Rodney discussed EMACS org mode – after some discussion of the relative merits of EMACS vs Vim vs inferior other editors. It essentially allows you to edit bullet points, but it can be used for calendars, todo lists, estimates, and so on. Via a keypress, you can add templates for a todo item, including schedules and other metadata, and include it in your todo list. This metadata is used in the display – e.g. you can display an agenda for the day, which will include all of the tasks scheduled for today. You can mark those tasks as done once complete. Tasks can also be split into a hierarchy of tasks, and the top task can display a percentage of the remaining tasks under it. It also has time tracking – once you start a task, you can start time tracking, and then it will be logged against that task.
Advantages of it are – it’s simple, it’s fast, it’s free, and it’s text based so other tools will work with it.
To achieve similar results, Chris uses todo.txt – which is essentially a text file in Dropbox, but it’s supplemented by command-line tools, and a phone app. Because it’s backed by a text file, then you can always access your data anywhere without any other tools. Reece uses a text file in Vim. Inigo used to use a text file in Vim, but now uses Trello.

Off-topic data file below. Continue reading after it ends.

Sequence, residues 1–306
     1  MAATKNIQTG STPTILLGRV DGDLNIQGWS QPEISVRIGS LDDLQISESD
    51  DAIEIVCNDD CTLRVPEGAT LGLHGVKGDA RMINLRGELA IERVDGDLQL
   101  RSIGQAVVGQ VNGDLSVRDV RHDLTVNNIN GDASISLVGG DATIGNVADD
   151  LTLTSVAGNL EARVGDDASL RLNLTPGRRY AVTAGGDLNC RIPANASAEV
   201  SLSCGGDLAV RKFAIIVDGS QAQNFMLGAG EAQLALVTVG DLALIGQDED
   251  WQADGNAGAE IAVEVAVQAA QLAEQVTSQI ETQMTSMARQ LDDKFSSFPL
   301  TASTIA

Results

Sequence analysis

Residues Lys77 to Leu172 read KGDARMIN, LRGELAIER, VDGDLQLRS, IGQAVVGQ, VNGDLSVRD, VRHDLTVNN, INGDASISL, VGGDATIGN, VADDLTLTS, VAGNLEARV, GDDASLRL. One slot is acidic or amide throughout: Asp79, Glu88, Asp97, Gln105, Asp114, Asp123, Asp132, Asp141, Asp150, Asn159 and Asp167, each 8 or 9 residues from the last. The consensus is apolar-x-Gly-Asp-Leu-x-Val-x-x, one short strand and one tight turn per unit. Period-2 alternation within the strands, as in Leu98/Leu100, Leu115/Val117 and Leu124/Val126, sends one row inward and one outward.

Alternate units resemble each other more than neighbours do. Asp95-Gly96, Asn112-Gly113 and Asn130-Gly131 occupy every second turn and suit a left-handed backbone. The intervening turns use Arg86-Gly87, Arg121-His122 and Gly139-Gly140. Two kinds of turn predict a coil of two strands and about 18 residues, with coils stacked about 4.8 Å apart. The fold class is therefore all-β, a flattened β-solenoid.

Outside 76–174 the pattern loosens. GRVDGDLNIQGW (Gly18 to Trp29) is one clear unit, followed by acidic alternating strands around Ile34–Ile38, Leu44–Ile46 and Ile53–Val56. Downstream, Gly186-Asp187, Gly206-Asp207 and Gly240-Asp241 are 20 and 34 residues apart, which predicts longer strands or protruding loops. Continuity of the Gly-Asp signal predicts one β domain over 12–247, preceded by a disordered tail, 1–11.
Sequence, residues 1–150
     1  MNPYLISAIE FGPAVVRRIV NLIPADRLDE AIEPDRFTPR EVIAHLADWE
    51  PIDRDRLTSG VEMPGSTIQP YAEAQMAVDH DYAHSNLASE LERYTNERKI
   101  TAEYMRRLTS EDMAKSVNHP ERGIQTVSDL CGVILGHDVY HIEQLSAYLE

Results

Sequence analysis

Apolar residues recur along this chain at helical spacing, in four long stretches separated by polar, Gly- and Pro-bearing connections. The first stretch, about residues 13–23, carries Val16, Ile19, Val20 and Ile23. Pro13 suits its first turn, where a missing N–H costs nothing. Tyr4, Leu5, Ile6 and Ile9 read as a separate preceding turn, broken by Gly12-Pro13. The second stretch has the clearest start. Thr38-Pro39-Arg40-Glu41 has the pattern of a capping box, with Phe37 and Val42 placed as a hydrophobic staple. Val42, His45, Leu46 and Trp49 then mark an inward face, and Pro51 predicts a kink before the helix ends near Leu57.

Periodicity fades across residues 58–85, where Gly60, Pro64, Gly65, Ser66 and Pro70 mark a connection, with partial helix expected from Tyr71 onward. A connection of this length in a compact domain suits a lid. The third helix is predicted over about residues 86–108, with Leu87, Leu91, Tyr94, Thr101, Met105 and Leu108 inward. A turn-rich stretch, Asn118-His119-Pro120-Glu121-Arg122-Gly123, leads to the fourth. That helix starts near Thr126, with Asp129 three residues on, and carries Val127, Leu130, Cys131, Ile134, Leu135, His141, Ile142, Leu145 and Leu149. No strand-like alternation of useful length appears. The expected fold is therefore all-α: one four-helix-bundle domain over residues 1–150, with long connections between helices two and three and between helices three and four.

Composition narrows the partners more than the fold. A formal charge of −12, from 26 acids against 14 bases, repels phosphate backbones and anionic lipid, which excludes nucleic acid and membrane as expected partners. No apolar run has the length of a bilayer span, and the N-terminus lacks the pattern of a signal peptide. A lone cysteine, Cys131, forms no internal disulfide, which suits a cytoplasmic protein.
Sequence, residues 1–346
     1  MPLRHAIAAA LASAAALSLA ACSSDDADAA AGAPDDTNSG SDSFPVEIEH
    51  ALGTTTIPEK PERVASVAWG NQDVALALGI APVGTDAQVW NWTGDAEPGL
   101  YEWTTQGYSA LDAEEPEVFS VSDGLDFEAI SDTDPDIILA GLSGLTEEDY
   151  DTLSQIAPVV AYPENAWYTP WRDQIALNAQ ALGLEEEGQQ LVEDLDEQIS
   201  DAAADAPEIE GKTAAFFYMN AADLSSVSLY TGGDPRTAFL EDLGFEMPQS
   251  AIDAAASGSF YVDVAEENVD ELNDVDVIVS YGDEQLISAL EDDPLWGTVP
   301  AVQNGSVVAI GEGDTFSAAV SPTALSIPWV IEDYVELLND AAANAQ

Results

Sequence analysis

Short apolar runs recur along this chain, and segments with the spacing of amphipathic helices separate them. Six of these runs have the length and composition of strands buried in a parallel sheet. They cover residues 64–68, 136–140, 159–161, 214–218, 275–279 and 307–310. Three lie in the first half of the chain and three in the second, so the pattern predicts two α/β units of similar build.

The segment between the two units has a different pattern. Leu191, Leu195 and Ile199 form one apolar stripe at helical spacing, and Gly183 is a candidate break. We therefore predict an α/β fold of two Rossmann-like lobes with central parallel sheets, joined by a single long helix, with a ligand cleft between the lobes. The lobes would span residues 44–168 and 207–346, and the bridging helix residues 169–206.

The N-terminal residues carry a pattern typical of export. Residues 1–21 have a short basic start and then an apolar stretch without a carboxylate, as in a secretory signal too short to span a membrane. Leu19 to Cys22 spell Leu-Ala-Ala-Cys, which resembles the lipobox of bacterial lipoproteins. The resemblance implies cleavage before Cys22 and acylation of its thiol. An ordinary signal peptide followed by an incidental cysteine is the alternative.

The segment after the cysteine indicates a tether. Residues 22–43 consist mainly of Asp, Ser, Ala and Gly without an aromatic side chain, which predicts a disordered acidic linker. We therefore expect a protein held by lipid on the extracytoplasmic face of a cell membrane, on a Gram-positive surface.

We then discussed tea making. There was no consensus reached.
Stephen then talked about sprint planning. In various of our projects, we are doing sprint planning in different ways. The default Agile approach is to start with a demo of the work done in the previous sprint, then a retrospective of the previous sprint, then the project owner provides the things that they would like to be done in the sprint, and the project team discusses which ones can be done in the sprint. In one of our projects, we have a looser sprint planning, that doesn’t involve prior discussion of the statistics from previous sprints, and not much backlog grooming. We discussed the merits of estimation – even though the results of the estimation are not always useful, the process of doing estimation and giving developers a good idea of how long tasks are expected to take is useful. We also discussed prioritization, and how new tasks should be dealt with – whether they should be completely rejected until the end of the sprint, or whether they should be prioritized against exising tasks. We agreed that we would look at more explicit prioritization in some projects. We also agreed to combine some brief explicit estimation of tasks in the sprint planning meetings, with announcing on Slack a brief description of the task and how we would approach it and how long it would take.